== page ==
There are a few wrinkles added into the gameplay, some more meaningful than others. After reaching a certain point in each character’s Social Link, you will have the opportunity to explore each of their rooms. Hidden in each of the rooms is a card that, when found, unlocks new costume options for the characters. This actually does help to reinforce the characters somewhat, but it doesn’t really reveal anything playing Persona 5 wouldn’t have. More interestingly are the song modifiers, which come in Support and Challenge varieties. Supports reduce the player’s overall score on a song but offer beneficial traits while playing. Conversely, Challenges offer a wider range of options to make the song more difficult but increase the score at the end. Given any lasting appeal for the game is vying for high scores, Challenges are the factor to add the most longevity to the game.

More bandits should try for the bright yellow t-shirt and red bandana look.

Visually, the game looks pretty good, especially for a Vita title. The character models, now featured far more prominently, feel far more detailed than their Persona 5 counterparts. The options to customize a character’s look have also been expanded, offering a larger amount of accessories. Different costumes also make a reappearance, though they still don’t remain equal opportunity. Sure, the men have swimsuits and cross-dressing options, but the women all get far more provocative outfits. Perhaps most disconcerting is one song where all four women from the main cast — with the reminder that they are all between the ages of fifteen and eighteen — dance together in burlesque outfits. Persona has always toed the line with what costumes are available, but this song in particular does not offer the ability to change their outfits and literally puts them center stage.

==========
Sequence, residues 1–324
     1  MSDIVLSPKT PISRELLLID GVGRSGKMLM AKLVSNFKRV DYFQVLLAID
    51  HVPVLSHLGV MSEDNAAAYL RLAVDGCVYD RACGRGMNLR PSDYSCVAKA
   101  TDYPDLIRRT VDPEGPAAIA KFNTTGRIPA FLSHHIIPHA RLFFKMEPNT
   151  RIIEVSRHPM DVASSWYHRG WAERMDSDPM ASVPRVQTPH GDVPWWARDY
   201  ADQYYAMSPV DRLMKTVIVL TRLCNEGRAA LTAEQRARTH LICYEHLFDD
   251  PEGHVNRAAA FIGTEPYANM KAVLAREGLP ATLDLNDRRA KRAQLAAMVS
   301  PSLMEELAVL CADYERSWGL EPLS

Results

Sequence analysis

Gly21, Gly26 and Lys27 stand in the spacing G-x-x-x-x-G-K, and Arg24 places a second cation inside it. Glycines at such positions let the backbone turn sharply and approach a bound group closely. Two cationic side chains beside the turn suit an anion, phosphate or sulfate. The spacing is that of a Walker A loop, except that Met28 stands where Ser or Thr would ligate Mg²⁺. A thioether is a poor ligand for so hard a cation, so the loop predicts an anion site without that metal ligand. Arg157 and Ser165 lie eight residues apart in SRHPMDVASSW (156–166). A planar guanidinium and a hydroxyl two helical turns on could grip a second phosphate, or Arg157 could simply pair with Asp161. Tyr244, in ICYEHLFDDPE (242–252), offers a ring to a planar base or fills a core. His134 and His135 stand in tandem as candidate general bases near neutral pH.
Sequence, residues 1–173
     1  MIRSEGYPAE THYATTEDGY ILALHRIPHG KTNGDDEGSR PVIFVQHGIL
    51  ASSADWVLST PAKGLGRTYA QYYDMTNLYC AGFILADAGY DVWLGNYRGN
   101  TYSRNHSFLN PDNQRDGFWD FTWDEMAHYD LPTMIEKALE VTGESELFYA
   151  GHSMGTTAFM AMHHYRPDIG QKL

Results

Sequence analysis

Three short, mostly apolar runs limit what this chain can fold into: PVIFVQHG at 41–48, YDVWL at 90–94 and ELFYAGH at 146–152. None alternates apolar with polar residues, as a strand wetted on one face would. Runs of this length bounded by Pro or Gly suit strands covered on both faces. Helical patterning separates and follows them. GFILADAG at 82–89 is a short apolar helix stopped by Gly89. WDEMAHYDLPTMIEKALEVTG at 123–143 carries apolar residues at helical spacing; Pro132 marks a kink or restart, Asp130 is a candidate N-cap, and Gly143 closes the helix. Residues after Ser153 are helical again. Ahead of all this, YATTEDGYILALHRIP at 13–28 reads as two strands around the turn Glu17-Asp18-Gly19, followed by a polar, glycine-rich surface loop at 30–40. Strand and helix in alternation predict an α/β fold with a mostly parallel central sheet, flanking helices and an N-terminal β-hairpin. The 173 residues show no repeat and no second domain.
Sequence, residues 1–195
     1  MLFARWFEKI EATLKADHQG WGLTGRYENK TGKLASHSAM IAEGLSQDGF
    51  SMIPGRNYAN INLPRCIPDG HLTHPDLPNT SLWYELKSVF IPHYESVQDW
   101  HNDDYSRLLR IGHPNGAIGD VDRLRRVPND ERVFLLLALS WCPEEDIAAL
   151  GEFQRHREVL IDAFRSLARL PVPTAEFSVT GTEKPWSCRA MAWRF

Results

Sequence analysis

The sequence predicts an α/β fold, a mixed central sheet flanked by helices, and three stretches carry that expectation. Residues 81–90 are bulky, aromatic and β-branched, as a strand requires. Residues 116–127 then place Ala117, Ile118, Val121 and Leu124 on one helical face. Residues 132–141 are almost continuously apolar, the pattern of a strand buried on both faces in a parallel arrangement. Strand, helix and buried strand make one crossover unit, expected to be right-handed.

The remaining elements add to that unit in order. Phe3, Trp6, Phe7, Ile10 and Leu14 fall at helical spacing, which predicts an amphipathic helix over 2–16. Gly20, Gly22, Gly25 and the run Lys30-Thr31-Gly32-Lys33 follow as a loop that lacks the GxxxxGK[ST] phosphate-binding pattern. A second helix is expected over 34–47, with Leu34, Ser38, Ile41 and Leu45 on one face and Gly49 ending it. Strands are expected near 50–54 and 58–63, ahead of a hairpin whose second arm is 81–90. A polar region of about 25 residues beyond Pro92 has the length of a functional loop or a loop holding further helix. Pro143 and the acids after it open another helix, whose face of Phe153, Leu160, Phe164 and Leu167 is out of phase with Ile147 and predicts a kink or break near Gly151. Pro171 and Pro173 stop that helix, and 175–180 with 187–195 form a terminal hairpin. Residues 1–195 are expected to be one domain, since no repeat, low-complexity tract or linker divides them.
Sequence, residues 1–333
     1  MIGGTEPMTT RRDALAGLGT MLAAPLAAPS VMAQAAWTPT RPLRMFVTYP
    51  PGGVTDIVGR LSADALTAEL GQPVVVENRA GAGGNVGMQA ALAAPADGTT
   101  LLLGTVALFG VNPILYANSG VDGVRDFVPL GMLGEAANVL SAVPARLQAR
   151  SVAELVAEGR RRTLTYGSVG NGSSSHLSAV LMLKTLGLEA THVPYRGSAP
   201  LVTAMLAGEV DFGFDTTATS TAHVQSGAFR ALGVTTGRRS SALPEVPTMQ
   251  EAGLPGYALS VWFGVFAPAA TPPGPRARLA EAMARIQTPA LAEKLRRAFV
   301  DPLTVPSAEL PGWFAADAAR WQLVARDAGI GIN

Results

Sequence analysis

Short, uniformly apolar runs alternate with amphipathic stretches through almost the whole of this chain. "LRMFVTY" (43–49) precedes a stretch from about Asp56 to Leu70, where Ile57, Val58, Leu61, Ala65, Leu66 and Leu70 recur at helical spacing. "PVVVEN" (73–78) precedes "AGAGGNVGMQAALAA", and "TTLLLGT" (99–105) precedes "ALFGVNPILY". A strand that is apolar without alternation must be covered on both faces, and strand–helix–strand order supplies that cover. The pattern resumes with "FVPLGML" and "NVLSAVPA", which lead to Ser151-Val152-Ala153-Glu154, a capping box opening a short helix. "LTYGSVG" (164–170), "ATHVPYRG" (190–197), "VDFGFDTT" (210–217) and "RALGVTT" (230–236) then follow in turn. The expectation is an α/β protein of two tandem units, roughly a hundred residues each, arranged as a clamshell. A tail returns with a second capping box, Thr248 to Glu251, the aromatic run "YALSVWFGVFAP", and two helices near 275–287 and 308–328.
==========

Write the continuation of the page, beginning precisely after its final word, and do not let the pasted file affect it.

It’s hard to recommend this game, even enjoying as much of it as I did. Persona 5: Dancing in Starlight gets right what it needs to get right: The music is still great to hear and the variants, while all of differing quality, still offer some variety. But everything else about the game is bare. As a rhythm game it’s perfunctory but nothing attention-grabbing. As an expansion to the Persona 5 universe it lacks any sort of meaningful events or character development. As an excuse for fanservice it’s under-executed, blowing a potentially fun setup in the name of two separate copies of the game. Die-hard Persona fans, especially those who appreciate the music, will likely find something to hold their interest. However, the strength of the game relies on familiarity with the source material and Dancing in Starlight can’t really hold muster on its own.

    
    
    
    
    
    
'Above Average' -- 2.5/5
< 20 HOURS

Persona 5's music is as strong as ever

This is a good-looking Vita title

Disappointingly low amount of playable songs

Barely-there story mode fails to live up to its premise

You may also like...

Leave a Reply